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Tasnim Uddin, Amina Saadi, Megan Fisher, Sean Cross and Chris Attoe
Emergency services face increasing frontline pressure to support those experiencing mental health crises. Calls have been made for police and ambulance staff to receive…
Emergency services face increasing frontline pressure to support those experiencing mental health crises. Calls have been made for police and ambulance staff to receive training on mental health interventions, prevention of risk and inter-professional collaboration. Mental health simulation training, a powerful educational technique that replicates clinical crises for immersive and reflective training, can be used to develop competencies in emergency staff. This study aims to evaluate the effectiveness of mental health simulation training for police and ambulance staff.
In total, 199 participants from the London Metropolitan Police Service and London Ambulance Service attended a one-day simulation training course designed to promote effective and professional responses to mental health crises. Participants took part in one of six simulated scenarios involving mental health crisis before completing structured debriefs with expert facilitators. Participants’ self-efficacy and attitudes towards mental illness were measured quantitatively using pre- and post-course questionnaires while participants’ perceived influence on clinical practice was measured qualitatively using post-course open-text surveys.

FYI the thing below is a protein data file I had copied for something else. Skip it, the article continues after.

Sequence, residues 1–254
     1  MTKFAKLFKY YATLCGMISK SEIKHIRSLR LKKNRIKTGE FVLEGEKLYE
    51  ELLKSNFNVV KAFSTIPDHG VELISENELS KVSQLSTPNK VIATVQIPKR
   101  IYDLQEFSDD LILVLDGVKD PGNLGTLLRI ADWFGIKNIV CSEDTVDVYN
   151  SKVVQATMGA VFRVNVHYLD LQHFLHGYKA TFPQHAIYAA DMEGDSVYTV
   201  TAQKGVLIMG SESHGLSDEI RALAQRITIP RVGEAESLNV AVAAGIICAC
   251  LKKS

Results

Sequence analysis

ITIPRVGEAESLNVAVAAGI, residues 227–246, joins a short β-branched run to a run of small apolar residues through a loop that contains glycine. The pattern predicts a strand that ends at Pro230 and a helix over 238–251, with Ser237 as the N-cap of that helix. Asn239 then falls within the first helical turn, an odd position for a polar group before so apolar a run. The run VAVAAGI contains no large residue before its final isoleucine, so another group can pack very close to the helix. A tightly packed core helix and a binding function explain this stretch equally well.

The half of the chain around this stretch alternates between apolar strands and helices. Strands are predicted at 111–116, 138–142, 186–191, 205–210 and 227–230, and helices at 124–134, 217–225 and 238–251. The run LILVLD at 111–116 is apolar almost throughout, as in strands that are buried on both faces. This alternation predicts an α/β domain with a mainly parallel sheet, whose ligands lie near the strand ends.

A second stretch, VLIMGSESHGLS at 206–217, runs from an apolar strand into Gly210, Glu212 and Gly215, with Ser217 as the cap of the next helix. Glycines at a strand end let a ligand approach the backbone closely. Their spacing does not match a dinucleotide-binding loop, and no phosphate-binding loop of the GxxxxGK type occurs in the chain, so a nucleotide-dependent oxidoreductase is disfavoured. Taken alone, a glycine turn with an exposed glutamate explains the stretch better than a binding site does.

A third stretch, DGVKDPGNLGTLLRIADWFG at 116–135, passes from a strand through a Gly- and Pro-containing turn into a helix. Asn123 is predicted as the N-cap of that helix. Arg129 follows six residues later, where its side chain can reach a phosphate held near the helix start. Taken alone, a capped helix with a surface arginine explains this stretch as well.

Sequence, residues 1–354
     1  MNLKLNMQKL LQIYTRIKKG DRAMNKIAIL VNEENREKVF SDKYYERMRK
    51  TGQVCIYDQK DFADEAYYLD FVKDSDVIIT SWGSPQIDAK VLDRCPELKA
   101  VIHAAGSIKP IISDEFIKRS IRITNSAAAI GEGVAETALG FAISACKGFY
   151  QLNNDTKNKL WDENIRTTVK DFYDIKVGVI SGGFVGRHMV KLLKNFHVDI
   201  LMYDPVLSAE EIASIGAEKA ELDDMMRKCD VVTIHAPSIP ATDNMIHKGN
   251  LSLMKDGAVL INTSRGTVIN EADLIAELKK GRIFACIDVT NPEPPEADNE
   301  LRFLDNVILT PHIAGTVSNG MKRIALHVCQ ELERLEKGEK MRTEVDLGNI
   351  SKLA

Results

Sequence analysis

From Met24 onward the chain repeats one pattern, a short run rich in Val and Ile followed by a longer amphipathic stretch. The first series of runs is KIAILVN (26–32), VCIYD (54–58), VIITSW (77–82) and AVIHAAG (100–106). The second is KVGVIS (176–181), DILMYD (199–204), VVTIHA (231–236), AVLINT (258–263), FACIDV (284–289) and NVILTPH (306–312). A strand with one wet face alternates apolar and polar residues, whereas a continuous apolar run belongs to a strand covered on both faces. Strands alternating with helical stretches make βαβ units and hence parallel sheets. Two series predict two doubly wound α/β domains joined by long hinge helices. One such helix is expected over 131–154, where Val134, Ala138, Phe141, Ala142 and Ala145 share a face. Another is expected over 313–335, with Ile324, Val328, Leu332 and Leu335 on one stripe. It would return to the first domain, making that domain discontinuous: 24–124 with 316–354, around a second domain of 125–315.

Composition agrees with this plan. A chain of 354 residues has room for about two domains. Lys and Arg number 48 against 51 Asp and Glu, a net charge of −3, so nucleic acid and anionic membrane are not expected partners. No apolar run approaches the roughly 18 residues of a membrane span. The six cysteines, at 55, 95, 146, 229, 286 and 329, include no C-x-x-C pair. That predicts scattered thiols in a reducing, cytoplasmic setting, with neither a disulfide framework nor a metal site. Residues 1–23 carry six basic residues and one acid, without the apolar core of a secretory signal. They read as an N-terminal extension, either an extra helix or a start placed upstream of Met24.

Statistically significant improvements in self-efficacy and attitudes towards mental illness were found. Thematic analyses of open-text surveys found key themes including improved procedural knowledge, self-efficacy, person-centred care and inter-professional collaboration.
This study demonstrates that mental health simulation is an effective training technique that improves self-efficacy, attitudes and inter-professional collaboration in police and ambulance staff working with people with mental health needs. This technique has potential to improve community-based responses to mental health crises.